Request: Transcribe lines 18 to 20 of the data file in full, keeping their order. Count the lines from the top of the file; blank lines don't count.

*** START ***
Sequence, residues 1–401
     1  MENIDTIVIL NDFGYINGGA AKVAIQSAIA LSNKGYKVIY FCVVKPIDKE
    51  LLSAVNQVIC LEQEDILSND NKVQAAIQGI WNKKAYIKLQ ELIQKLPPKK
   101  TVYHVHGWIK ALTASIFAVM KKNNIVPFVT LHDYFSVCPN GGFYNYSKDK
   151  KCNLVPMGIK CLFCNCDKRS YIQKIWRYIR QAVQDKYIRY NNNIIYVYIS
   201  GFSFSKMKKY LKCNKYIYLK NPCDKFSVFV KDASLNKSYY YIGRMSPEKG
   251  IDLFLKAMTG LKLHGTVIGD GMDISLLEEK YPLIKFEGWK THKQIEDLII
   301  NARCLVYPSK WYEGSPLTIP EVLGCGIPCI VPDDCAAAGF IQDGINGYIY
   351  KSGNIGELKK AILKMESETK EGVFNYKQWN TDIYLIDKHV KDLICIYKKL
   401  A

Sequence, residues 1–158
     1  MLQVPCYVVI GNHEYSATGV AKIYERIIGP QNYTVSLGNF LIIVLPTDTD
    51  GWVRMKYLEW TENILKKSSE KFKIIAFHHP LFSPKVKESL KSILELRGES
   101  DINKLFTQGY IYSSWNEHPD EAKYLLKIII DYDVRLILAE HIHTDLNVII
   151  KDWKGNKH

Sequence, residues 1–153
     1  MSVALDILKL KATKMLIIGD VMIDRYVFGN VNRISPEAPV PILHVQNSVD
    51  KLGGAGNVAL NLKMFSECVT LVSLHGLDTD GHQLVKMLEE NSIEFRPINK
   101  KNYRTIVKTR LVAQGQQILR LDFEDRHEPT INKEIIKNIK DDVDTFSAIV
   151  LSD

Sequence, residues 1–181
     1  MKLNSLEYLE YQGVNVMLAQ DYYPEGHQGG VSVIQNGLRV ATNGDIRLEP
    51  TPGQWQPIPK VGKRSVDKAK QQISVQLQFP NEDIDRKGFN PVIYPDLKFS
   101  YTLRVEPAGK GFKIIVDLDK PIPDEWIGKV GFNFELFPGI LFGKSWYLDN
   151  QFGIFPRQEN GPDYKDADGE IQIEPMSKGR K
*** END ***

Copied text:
    51  KLGGAGNVAL NLKMFSECVT LVSLHGLDTD GHQLVKMLEE NSIEFRPINK
   101  KNYRTIVKTR LVAQGQQILR LDFEDRHEPT INKEIIKNIK DDVDTFSAIV
   151  LSD